Crossing over to the other side of the farm, we were treated to more wildebeest and, fascinatingly, a small herd of kwagga (yes, I also did a double take, but there is a breeding programme to try and re-establish this once extinct animal). Being given a guided tour by the Rueda’s and farm manager Schutz Marais was a rare treat as they talked us through the metamorphosis of the farm, the trials and tribulations of getting set up for game, acquiring stock of the requisite genetic and aesthetic standards and the fact that they are proving even more successful than they dared hope at breeding game in an area where these animals are not supposed to thrive. There are many challenges, with routine veterinary work being just one as animals need to be rounded up (no small challenge on 1000 hectares) and darted, but as with most things, it is a case of careful management and the team are making steady progress. Numbers will soon be at a level where they can start selling commercially and they are also collaborating with neighbouring estates to offer exclusive game drives.


Arc-en-Ciel (photo: hamishNIVENPhotography)

The irresistible Ben (photo: hamishNIVENPhotography)

Perhaps the highlight of the trip (although it feels awfully disloyal to choose one incredibly beautiful exotic animal over another) was the orphan buffalo bull calf, Ben. Abandoned by his mother, Ben had to be fostered by one of the local Jersey herd. Despite the fact that buffalo are notoriously temperamental, a calf is a calf and for anyone who has grown up on a farm, the temptation to poke your fingers through the fence and talk to the ‘baby’ (even though he is bigger than his adoptive mom) was simply irresistible. I can safely vouch that there is little to match the experience of having your fingers sucked by a baby buffalo !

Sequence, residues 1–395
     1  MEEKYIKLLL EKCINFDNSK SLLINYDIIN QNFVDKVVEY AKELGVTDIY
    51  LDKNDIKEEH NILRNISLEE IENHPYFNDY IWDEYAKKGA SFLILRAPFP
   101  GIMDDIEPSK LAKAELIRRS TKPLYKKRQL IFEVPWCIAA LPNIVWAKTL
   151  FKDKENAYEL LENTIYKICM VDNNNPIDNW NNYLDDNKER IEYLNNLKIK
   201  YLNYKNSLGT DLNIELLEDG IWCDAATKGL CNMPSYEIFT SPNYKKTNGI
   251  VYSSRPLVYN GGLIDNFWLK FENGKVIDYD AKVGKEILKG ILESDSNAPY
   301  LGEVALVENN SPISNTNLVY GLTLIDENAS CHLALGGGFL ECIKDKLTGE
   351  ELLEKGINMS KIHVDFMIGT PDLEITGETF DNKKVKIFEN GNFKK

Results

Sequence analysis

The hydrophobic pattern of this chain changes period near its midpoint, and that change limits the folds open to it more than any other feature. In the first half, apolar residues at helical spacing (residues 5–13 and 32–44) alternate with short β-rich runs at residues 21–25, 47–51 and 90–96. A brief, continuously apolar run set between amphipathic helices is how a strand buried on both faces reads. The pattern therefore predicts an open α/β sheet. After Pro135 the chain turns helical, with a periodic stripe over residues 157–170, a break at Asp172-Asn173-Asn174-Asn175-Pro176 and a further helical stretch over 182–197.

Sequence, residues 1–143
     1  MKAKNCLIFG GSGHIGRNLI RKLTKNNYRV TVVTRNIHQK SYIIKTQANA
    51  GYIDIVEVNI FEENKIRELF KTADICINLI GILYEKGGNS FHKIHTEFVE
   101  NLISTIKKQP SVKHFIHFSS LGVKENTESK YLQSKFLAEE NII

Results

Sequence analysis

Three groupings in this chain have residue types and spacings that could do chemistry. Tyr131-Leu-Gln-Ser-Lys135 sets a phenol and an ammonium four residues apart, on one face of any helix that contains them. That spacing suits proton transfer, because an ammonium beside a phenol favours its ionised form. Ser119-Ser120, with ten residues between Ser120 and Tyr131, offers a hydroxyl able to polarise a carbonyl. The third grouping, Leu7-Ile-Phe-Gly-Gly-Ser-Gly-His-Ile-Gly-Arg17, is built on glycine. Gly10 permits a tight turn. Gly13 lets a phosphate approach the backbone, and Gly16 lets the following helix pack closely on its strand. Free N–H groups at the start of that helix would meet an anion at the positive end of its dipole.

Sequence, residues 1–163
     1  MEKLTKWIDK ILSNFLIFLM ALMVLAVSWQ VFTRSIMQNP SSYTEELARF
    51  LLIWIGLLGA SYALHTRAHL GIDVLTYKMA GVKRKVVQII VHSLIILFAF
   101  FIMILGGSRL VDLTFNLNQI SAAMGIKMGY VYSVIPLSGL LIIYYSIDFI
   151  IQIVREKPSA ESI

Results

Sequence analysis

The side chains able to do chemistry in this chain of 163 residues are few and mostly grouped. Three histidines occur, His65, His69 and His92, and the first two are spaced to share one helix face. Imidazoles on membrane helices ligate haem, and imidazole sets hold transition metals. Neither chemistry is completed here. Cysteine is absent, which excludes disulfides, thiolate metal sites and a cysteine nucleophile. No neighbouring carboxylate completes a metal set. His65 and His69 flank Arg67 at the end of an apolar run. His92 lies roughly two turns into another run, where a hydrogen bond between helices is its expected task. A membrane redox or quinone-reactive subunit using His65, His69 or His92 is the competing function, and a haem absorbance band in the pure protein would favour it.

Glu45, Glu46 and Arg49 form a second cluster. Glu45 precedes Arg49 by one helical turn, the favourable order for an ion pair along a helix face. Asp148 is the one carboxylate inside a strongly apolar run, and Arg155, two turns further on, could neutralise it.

Flaming Rock's grave (photo: hamishNIVENPhotography)

Flaming Rock’s grave (photo: hamishNIVENPhotography)

Back through the game entrance, we detoured via the old stable block and stopped to pay our respects at Flaming Rock’s grave. Although the stables are empty, they are neatly kept and there are still a few of the stud’s treasured old matrons living out their days in the grassy stud paddocks. Having focussed most of their energies on setting up the game areas over the past few years, Suzanne says that the stables are still on their ‘to do’ list, but the farm is not done with horses yet. Suzanne and Fernando’s daughter Tamara is a keen horsewoman and although she did not inherit her grandmother’s love of racing, she did inherit her determination and competitive spirit and is successfully making her way up the South African show-jumping ranks. With a number of very smart horses in her string, it is nice to know there will be horses at Arc-en-Ciel for many years to come. And for anyone who is bold enough to secure the winning bid on Saturday, I can guarantee an experience that will last a lifetime.